“We had some that were like, we like Kiddie Land way down there, but we also had a lot of people that were like, it was kind of nice and I could be in the general area and watch all my kids. They also liked there was a lot of seating,” Kirsch said. “There was the same amount of rides as there were two years ago, but it was a smaller footprint.”

Timm said the fair received a lot of feedback regarding the midway layout, and will take the feedback into consideration for future years.

“We as a board are going to look at all the different feedback from people about different things, including where Kiddie Land should or shouldn’t be,” Timm said. “We’ll talk to the ride company about what worked and didn’t work for them and reassess for next year.”

Looking ahead to next year, Kirsch said the fair hopes to get more workers to help out, as well as get their normal amount of vendors back. The biggest improvement she hopes gets made, however, is improvements to the internet connection and Wi-Fi at the fairgrounds.

“People who bought tickets in the past year and had them on their phone, it was difficult for their phones to work when they came into our fairgrounds,” Kirsch said. “The businesses run on phones, we take credit cards and do stuff, and we don't have the capacity to even begin to help them on that.”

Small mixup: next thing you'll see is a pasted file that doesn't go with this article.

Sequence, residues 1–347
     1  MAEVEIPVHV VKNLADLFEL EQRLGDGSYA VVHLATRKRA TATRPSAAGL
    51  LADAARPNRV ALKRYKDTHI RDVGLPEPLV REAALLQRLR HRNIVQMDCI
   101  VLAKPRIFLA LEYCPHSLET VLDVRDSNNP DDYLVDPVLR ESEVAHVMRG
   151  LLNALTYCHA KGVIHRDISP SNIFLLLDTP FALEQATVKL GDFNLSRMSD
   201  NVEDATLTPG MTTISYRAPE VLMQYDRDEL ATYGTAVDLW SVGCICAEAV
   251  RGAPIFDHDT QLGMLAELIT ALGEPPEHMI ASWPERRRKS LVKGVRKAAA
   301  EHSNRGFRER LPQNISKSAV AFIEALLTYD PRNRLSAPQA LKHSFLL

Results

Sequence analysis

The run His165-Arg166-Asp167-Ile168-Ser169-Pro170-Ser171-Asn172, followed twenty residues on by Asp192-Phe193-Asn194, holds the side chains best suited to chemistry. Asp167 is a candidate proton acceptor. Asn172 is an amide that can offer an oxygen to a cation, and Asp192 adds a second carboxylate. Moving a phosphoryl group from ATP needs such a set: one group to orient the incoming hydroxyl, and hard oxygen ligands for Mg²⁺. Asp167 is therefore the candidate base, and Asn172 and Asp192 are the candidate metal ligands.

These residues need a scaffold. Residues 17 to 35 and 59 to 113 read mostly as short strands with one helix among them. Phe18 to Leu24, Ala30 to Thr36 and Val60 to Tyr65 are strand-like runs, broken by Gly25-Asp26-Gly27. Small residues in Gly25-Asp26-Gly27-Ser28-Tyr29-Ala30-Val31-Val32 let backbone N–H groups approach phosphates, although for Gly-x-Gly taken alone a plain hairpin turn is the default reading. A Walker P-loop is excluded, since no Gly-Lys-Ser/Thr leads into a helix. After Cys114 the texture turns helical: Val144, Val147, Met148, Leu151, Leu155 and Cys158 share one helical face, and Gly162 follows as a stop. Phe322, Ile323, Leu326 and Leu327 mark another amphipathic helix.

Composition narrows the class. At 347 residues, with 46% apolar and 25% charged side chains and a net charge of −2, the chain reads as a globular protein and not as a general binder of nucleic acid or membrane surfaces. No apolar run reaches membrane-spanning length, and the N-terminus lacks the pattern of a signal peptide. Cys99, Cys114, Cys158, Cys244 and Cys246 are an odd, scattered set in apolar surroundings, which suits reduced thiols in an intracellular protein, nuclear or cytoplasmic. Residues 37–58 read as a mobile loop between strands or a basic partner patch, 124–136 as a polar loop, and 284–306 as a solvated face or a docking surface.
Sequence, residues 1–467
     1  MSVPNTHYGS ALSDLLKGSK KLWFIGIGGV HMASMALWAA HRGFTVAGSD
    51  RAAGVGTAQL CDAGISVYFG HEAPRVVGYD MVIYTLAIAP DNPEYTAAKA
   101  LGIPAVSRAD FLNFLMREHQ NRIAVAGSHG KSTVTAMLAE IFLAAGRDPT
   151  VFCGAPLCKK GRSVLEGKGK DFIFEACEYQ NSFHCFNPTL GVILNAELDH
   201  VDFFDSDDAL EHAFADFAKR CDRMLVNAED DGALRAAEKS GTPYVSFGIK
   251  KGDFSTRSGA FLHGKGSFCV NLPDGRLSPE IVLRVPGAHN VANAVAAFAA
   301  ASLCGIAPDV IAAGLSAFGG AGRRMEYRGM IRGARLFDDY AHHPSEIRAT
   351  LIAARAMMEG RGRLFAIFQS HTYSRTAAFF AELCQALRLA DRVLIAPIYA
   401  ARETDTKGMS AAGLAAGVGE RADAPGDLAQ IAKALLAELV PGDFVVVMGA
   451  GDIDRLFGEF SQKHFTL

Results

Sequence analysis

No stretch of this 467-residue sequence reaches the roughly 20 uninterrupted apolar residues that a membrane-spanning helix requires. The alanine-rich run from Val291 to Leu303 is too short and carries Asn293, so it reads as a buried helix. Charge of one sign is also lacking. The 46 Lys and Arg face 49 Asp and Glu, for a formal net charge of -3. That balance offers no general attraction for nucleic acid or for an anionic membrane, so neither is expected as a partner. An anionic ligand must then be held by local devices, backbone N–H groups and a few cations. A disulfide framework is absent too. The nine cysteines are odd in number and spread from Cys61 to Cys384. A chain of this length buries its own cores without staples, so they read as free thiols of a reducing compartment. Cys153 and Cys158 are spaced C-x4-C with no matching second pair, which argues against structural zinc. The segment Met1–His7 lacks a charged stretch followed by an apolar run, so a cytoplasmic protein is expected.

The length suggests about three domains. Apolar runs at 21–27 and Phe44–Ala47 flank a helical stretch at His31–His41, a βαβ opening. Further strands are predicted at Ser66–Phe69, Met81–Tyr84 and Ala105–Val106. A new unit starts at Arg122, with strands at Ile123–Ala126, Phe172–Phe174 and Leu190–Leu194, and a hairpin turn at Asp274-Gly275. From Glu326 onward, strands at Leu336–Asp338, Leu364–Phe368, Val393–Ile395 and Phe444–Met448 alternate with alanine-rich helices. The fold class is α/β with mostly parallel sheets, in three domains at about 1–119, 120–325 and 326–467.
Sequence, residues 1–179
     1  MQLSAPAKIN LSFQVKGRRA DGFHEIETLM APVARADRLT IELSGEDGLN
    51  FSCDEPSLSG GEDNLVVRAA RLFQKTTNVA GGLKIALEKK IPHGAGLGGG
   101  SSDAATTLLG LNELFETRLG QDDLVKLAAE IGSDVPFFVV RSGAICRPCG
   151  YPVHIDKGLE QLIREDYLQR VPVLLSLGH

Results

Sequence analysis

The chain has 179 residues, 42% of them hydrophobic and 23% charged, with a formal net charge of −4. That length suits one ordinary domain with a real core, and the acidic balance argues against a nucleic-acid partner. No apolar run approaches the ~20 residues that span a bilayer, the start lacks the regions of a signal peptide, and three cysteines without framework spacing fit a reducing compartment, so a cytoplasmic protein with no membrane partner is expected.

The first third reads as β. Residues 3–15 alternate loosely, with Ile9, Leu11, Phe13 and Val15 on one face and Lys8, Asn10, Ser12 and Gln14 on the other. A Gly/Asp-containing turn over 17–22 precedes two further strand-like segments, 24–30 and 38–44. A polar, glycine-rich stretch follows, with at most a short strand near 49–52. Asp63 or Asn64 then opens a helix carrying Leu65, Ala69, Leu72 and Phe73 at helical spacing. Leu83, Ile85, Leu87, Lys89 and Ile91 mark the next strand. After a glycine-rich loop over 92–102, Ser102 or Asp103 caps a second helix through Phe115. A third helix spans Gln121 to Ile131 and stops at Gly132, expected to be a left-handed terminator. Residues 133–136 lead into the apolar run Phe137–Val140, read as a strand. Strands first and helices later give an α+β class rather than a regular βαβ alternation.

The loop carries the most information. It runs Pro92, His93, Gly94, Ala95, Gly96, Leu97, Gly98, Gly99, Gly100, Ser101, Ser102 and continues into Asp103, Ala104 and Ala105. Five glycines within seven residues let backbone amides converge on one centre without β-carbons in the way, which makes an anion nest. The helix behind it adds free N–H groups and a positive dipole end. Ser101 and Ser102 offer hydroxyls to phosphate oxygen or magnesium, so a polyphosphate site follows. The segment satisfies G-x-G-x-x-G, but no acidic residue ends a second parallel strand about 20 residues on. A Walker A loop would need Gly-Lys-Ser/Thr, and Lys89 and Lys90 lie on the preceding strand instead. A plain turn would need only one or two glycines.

Overall, Timm said the fair organizers were thankful to have a fair this year, and that despite the numerous challenges they did fine.

“I felt it went really good with all the challenges that we faced, and we as a board did really, really well with making decisions and deciding on fair first and what would be best for the fair, the county, and the people coming to the fair,” Timm said. “Our goal is to keep the fair around for years to come. It’s a big staple in the community that we want to keep it around.”

Robert Tomlinson can be reached at 279-7488 ext. 23 or robert@threeriversnews.com.